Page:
“Shards Of Honour” is Science Fiction at its best, using the conflict between two cultures and the attraction between two strong, independent, action-oriented leaders both to tell an exciting tale and to spark insights into the nature of power, honour, personal courage, leadership and personal and institutional evil.
“Shards Of Honour” doesn’t have a particularly strong plot. The story is linear and mostly unsurprising. On the surface, this seems to be a love-on-the-battlefield meets culture clash between a hierarchical male-dominated militaristic culture and a less obviously hierarchical, more sexually egalitarian, science and commerce based culture. If it had been a “Star Trek” episode it would have been cheesy but fun.
Two things lift “Shards of Honour” beyond level of cheesy romantic space romp and make it into science fiction that continues to be relevant and challenging.
The first is that the two characters at the heart of the story are richly drawn. They both decline to be what others expect them to be. They both struggle to define and do the honourable thing. They both succeed in being both lionised and rejected by their home cultures and neither of them defaults to the simplest understanding of a individuals or the circumstances that drive their behaviour.
Cordelia Naismith is calm, courageous, resourceful, leans heavily on humour to keep threats at a manageable distance and is driven almost entirely by hervalues and her curiosity.
Aral Vorkosigan is a born strategist, prone to both anger and violence but who seeks to control both in the name of honour. He serves loyally but not uncritically and he leads because he cannot help it.
The second is the depth of political and moral thought in the novel. “Shards Of Honour” was published in 1986 but the political commentary is perhaps even more relevant now than it was in those, in retrospect, optomistic times.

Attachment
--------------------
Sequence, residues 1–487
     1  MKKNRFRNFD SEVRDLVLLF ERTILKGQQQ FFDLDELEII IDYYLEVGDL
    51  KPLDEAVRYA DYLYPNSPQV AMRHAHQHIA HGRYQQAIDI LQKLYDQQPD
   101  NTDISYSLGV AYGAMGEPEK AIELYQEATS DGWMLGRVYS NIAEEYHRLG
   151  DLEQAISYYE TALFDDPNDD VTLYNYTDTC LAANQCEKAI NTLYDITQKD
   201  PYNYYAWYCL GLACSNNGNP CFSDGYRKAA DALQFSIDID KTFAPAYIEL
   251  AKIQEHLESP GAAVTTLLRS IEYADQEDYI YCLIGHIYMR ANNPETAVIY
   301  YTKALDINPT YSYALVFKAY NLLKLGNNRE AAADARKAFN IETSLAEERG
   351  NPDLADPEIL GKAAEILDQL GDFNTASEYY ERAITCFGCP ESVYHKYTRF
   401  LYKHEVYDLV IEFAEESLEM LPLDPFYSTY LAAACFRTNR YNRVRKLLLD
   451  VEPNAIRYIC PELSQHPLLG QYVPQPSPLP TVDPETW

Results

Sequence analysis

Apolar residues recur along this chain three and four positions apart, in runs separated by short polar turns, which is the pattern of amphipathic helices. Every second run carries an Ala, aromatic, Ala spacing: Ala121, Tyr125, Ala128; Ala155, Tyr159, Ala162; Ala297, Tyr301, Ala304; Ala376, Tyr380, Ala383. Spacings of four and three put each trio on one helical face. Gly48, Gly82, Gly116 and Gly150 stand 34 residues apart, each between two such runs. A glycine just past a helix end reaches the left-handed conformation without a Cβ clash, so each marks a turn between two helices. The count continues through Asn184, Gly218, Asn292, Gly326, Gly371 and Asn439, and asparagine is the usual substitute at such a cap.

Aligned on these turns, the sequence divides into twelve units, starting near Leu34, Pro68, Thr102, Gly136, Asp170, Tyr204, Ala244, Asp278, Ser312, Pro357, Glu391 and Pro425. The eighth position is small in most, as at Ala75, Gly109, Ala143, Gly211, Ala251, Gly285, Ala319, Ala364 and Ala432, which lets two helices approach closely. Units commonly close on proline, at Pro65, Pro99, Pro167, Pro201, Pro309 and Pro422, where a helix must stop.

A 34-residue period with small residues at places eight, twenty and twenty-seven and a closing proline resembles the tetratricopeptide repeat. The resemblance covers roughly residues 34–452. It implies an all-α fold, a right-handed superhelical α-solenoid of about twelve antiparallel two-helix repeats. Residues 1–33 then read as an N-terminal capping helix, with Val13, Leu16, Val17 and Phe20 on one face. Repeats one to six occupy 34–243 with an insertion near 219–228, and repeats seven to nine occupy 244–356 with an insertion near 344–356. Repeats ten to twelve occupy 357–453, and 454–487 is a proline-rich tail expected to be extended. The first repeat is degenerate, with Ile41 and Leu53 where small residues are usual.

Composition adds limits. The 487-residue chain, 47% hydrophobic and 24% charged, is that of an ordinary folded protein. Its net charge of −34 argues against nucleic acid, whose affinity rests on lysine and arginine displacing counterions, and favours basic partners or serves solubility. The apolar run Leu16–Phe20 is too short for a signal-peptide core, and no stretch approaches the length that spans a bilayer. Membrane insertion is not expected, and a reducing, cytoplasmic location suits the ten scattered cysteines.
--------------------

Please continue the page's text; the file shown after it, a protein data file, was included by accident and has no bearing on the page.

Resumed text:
The need for personal honour is shown by its lack in a sadistic senior officer who uses his power over women prisoners to break them for his pleasure using rape and torture. After an up close and very personal encounter with this man, Cordelia describes him as “the ultimate in evil”.
I agreed with her but Aral, the strategist, the man who commands fleets of warships sees a greater evil. He describes the sadistic rapist as:
“…just a little villain. An old-fashioned craftsman making crimes one-off. The really unforgivable acts are committed by calm men in beautiful green-silk rooms who deal death wholesale, by the shipload, without lust or anger or desire or any redeeming emotion to excuse them but cold fear of some pretended future. But the crime they hope to prevent in that future are imaginary. The ones they commit in the present, they are real.”
In this time of Brexit, we need reminders that the now is real and the future just an imagined thing we ask others to sacrifice themselves to protect.
In this time of Trump, this quote resonated with me:
“A Caligula or a Yuri Vorbarra can rule a long time while the best men hesitate to do what is necessary to stop him and the worst ones take advantage.”
In another lesson that seems more relevant than ever today, we are shown how we create false but appealing narratives to feed our own desires. At one point, her own people hail Cordelia as a hero and attribute actions and attributes to her that she knows to be false. I was fascinated by the explanation of Cordelia’s inability to get the truth across. Again it, seems relevant to today’s politics. Cordelia, being carried on the shoulders of an excited crowd says:
“It’s not true. Stop this.”
It was like trying to turn back the tide with a teacup. The story had too much innate appeal to the battered prisoners, too much wish-fulfilment come to life. They took it in like balm for their wounded spirits and made it their own vicarious revenge. The story was passed around elaborated, built up, sea changed, until within twenty-four hours it was as rich and unkillable as legend. After a few days, she gave up trying. The truth was too complicated and ambiguous to appeal to them…”
To my mild embarrassment, as someone who has been an avid reader of Science fiction for nearly fifty years, I failed to notice Lois McMaster Bujold until 2017 when a number of people recommended her to me and her “Vorkosigan Saga” won a Hugo for Best Series.
I bought “Shards of Honour”, the first book in the series, and then let it sit on my TBR pile for seventeen months. I’ve only picked up now because I set myself a “Thirty Firsts TBR Challenge”. Now that I’ve finally read it, I’m kicking myself for my inattention.
Lois McMaster Bujold is now on my “read everything she’s ever written” list. I’ll start with the rest of the Vorkosigan Saga and go from there.